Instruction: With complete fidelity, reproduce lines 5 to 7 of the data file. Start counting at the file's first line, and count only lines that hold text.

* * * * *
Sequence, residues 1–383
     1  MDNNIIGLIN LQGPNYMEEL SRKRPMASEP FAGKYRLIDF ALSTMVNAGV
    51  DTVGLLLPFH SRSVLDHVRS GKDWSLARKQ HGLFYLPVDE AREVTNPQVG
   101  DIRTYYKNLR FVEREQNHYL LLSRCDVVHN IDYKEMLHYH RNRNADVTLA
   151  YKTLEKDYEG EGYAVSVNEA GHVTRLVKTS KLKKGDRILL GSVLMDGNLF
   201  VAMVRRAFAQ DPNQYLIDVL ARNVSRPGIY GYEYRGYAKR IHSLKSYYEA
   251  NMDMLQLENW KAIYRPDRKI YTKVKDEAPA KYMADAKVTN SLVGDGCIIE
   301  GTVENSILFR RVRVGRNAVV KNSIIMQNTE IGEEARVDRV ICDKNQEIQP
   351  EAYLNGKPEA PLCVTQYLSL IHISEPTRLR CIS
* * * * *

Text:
   151  YKTLEKDYEG EGYAVSVNEA GHVTRLVKTS KLKKGDRILL GSVLMDGNLF
   201  VAMVRRAFAQ DPNQYLIDVL ARNVSRPGIY GYEYRGYAKR IHSLKSYYEA
   251  NMDMLQLENW KAIYRPDRKI YTKVKDEAPA KYMADAKVTN SLVGDGCIIE